Vidit Aatrey 0:21

Thank you so much for inviting me here, Siddhartha, I’m honored to be here.

 

Siddhartha Ahluwalia 0:26

Tell us about your own journey as an entrepreneur when the thought of being an entrepreneur occurred to you. And I remember because we knew each other from the last five-six years, it worked, after quite a few pivots that you built Meesho.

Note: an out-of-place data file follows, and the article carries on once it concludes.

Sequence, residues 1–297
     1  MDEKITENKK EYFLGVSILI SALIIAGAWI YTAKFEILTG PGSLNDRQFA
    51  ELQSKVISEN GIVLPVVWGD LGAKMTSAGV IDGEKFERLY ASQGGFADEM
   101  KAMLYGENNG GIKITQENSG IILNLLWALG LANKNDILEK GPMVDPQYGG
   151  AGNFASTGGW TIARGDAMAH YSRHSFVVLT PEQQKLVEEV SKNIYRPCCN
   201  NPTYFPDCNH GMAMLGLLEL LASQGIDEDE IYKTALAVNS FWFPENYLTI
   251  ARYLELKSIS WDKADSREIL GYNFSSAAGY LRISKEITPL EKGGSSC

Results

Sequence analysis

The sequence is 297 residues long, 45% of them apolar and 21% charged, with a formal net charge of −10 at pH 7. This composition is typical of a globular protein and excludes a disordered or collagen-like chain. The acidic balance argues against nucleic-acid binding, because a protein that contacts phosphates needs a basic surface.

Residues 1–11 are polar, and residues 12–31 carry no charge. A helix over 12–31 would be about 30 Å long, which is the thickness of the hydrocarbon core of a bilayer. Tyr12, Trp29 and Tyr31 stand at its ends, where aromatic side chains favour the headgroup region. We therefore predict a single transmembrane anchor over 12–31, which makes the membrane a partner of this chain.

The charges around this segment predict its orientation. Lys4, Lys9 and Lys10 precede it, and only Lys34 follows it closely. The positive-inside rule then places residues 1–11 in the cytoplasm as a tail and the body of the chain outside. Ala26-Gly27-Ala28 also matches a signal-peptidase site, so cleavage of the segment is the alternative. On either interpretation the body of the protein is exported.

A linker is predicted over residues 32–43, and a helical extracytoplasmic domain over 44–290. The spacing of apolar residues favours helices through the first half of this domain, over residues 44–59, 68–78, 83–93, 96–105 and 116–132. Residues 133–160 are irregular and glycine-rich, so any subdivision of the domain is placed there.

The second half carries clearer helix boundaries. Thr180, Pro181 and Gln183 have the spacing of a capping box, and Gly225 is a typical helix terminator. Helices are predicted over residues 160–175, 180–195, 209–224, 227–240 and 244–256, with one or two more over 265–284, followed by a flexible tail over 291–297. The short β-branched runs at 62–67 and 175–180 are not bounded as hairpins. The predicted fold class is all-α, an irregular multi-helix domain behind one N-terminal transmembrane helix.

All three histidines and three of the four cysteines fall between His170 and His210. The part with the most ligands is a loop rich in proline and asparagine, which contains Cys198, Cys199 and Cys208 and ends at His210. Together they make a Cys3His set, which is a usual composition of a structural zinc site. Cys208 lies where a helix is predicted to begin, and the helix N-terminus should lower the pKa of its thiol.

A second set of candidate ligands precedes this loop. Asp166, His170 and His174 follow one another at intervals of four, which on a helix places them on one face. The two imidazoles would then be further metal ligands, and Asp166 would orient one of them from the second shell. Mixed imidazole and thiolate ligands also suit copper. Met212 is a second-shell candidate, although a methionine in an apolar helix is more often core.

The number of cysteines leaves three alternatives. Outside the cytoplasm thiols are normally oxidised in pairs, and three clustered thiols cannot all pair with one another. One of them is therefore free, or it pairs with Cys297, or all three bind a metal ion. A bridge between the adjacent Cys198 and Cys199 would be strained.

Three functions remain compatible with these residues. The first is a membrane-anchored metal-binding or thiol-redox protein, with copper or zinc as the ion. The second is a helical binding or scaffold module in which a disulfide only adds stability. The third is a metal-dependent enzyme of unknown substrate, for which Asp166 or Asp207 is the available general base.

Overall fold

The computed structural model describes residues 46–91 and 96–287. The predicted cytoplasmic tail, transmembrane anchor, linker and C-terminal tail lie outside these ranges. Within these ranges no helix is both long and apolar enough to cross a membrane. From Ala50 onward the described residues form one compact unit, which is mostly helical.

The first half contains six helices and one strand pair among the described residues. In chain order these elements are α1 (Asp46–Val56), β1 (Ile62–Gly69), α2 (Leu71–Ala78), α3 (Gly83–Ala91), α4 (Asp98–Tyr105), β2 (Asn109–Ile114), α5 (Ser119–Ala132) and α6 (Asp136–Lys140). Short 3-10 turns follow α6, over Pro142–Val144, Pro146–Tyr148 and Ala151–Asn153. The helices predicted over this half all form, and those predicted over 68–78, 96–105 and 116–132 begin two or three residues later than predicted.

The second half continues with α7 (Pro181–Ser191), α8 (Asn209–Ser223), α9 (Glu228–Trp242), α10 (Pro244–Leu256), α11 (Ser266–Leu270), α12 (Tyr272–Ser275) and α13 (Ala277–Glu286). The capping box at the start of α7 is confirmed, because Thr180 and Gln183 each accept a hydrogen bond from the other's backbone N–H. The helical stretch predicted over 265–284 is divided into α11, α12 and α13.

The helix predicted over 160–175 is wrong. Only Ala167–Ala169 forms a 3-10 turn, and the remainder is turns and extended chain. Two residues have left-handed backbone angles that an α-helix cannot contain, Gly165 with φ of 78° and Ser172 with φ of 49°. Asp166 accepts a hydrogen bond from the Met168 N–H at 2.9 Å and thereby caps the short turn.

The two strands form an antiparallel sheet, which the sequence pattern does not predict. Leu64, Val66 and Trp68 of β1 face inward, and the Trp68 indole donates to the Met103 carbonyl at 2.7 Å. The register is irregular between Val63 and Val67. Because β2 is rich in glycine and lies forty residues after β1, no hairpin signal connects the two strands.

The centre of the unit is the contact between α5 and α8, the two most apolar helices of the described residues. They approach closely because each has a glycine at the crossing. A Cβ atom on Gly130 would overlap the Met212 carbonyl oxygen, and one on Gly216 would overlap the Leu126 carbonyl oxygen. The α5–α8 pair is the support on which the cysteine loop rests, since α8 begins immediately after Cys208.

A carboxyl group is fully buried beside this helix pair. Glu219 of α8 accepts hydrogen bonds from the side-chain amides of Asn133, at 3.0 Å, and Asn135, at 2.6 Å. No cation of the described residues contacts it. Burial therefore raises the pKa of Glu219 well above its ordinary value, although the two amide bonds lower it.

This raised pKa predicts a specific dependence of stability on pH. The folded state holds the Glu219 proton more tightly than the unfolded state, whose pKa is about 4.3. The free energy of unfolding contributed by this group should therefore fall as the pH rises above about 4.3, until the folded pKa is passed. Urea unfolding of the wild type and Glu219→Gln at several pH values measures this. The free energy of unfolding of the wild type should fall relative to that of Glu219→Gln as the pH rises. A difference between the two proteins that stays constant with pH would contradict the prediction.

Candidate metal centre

Vidit Aatrey 0:40